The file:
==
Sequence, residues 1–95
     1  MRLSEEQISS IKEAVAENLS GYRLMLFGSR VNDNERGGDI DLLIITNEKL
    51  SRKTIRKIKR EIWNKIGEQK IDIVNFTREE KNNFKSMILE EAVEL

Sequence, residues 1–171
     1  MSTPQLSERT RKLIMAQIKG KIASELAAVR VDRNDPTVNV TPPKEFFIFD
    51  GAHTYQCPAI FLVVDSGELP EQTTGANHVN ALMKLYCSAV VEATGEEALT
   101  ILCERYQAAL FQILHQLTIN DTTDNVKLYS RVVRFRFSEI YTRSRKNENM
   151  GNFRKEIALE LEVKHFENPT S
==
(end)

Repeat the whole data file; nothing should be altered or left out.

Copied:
Sequence, residues 1–95
     1  MRLSEEQISS IKEAVAENLS GYRLMLFGSR VNDNERGGDI DLLIITNEKL
    51  SRKTIRKIKR EIWNKIGEQK IDIVNFTREE KNNFKSMILE EAVEL

Sequence, residues 1–171
     1  MSTPQLSERT RKLIMAQIKG KIASELAAVR VDRNDPTVNV TPPKEFFIFD
    51  GAHTYQCPAI FLVVDSGELP EQTTGANHVN ALMKLYCSAV VEATGEEALT
   101  ILCERYQAAL FQILHQLTIN DTTDNVKLYS RVVRFRFSEI YTRSRKNENM
   151  GNFRKEIALE LEVKHFENPT S